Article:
Stevie Ray Vaughan Style|
|What you learn:
Playing Over A Progression|
|Teacher: Michael Johnson|
Michael: This Stevie Ray Vaughan style lesson
covers many key aspects of Stevie's ability to solo over chord changes. Playing
over the transition of a chord progression allows the guitarist to sound more
melodic, breaking the pattern of playing in one scale throughout the song. This
technique is commonly used by jazz players, but can easily apply to blues and
rock guitar. If you're tired of playing the same key and scale pattern over and
over, this is the lesson for you! This lesson will help break the mold and open
new doors to enhance your playing. Sample the licks you will learn in this lesson:
Michael: The lesson sample is in the key of E,
using a I, IV, V blues progression. The sample actually starts on the V (B),
then IV (A) and finally resolves on the I (E). Notice how the guitar licks
follow the chord progression, the scale actually change as the progression
descends. This pattern is a bit of a twist on the progression.
E and B is twisted.
Gean: But the progression is called I IV V ?
Sure, it's based on the I, IV, V, but the beginning of this progression is
opposite: V, IV, I, make sense now?
scottieray: What's the circle for?
The circles highlight the note names in the I, IV, V, I talked about. If you play back the tab, you will see it better on the guitar neck.
I'll send one showing the scale tones to help clarify what I'm referring to as
the I (1), IV (4), V (5).
Michael: Our first lick will play over the V of the scale.
Michael: Here's the jam track you can play over once you learn each lick:
Michael: Notice the bends, use your 3rd finger to bend the notes but use the 2nd finger to support
3rd finger, this will give your hand more strength and control when bending a
String Bending Technique
Michael: You actually use the 3rd, 2nd, 1st fingers on the little string run, this lick has a cool Johnny Winter sound.
Johnny would often play these types of licks, so you can hear the influence he
had on Stevie.
I like the chromatic run, now our next lick will resolve the phrase in E:
Michael: Do you all see how all these licks fit together? Notice the cool hammer on and how the lick resolves in B7.
Anthony21: That double hammer on makes a nice sound.
Michael: Listen to how the melody plays over the chord changes can sound. Here's a jam track with the entire chord progression:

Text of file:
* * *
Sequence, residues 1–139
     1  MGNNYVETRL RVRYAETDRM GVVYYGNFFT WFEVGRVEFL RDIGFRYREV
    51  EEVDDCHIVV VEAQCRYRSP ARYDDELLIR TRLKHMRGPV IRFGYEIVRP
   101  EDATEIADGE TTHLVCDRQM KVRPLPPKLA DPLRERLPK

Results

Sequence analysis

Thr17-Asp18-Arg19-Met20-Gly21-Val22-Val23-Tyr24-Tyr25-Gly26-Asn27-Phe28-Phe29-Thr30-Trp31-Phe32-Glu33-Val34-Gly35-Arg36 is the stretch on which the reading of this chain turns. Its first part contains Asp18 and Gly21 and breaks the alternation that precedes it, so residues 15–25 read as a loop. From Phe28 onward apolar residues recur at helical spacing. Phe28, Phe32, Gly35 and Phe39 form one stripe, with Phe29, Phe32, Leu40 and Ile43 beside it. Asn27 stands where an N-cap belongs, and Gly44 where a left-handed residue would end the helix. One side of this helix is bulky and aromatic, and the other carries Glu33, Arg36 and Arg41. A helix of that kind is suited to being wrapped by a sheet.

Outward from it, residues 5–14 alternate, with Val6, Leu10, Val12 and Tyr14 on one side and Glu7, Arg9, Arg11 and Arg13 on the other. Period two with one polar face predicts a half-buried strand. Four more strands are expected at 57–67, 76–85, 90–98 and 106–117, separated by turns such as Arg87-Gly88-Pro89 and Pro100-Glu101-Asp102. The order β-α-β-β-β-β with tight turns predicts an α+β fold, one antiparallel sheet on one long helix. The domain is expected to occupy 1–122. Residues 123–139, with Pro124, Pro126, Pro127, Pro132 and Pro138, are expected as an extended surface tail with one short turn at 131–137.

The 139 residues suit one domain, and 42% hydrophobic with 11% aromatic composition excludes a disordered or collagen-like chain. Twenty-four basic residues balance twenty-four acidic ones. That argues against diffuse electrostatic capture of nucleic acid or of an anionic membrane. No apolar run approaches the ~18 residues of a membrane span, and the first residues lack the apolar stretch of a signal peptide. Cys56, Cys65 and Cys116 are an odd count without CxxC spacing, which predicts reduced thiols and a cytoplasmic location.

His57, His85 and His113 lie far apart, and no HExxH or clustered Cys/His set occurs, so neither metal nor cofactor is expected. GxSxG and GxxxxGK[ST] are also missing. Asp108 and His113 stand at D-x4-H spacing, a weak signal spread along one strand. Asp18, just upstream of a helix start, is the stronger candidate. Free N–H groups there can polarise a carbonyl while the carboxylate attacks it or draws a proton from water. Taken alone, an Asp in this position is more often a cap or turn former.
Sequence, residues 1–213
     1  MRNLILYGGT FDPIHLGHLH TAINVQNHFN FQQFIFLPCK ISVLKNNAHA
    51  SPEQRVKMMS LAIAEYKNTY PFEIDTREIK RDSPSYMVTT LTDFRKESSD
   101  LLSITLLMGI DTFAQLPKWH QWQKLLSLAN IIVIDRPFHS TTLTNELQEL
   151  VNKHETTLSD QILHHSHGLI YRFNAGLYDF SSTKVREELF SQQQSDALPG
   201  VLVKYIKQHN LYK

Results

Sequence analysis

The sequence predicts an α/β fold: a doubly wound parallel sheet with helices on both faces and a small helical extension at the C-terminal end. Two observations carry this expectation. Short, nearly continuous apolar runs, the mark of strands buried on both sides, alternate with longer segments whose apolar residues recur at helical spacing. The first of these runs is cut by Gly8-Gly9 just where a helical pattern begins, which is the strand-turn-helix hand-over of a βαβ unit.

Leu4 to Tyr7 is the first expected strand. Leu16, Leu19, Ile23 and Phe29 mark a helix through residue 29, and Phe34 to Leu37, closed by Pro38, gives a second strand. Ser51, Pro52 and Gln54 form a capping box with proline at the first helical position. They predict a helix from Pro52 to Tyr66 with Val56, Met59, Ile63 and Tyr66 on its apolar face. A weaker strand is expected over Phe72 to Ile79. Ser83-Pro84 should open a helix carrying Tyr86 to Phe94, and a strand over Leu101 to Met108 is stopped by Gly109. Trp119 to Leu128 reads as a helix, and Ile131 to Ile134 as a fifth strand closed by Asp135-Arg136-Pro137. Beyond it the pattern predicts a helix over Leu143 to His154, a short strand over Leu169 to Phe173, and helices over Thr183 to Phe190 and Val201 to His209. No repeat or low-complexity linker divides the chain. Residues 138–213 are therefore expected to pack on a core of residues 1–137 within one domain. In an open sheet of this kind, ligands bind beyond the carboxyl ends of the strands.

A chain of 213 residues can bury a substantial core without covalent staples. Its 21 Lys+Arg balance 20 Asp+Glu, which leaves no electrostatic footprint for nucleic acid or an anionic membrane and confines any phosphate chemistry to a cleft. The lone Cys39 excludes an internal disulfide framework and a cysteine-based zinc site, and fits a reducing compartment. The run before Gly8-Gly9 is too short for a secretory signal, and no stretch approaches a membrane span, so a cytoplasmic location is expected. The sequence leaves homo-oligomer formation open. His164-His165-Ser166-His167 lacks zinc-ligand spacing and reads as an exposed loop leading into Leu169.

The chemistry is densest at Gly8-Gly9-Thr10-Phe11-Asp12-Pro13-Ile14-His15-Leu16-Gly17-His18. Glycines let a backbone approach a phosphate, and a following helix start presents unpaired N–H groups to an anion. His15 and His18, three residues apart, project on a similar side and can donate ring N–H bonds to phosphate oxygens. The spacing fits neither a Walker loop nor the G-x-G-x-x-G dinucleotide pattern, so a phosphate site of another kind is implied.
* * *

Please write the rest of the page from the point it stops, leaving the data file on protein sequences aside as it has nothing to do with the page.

Michael: This jam track would be used after the intro I sent earlier, you can play chord type riffs over the I, IV, V.
Now you can play the E minor blues Pattern while the standard chord progression
plays instead of how we started on the V. IV, I. the progression goes, I, IV, I, V, IV, I, V,
so E, A, E, B, A, E, and resolve on B. I play it on the 12th fret and hammer on the 13th fret:
Finger Barred on 12th
Hammer-on 13th Fret
Michael: You change with the progression.
I'll give you those riffs.
Riff 2 - w/thumb
Riff 2 - w/barre chord
Anthony21: Isn't this the blues scale at 12th
position? If so why do you hammer onto the 13th fret?
Michael: That's a Major 3rd grace note,
it works nicely into the riff. Notice in the pictures how I barre the 6th string with my thumb.
5th Fret Barre w/1st Finger & Thumb
Michael: The rest of the other strings with my 1st finger,
you play this over the chord of the progression.
Anthony21: What's the point of using the thumb? I find it difficult.
Michael: It's how Stevie Ray Vaughan and
Jimi Hendrix played. They both used their thumbs all the time.
keeps other fingers free for doing other things.
Michael: Exactly Gean, you can use a standard barre if you want.
LarryS: The barre is more comfortable.
Michael: Here's the riff for B.
Riff 3 - w/thumb
Riff 3 - w/barre chord
Michael: You can here a lot of these
changes in the first tab I gave you. Here's a track
where you can practice the entire I, IV, V progression using Riffs 1, 2 & 3.
Here's the order:
E (I), E (I), A (IV), A (IV), E (I), E (I),
B (V), A (IV), E (I), B (V)
LarryS: You can move it up & down.
Michael: Yes Larry, ok students practice hard and see you next lesson!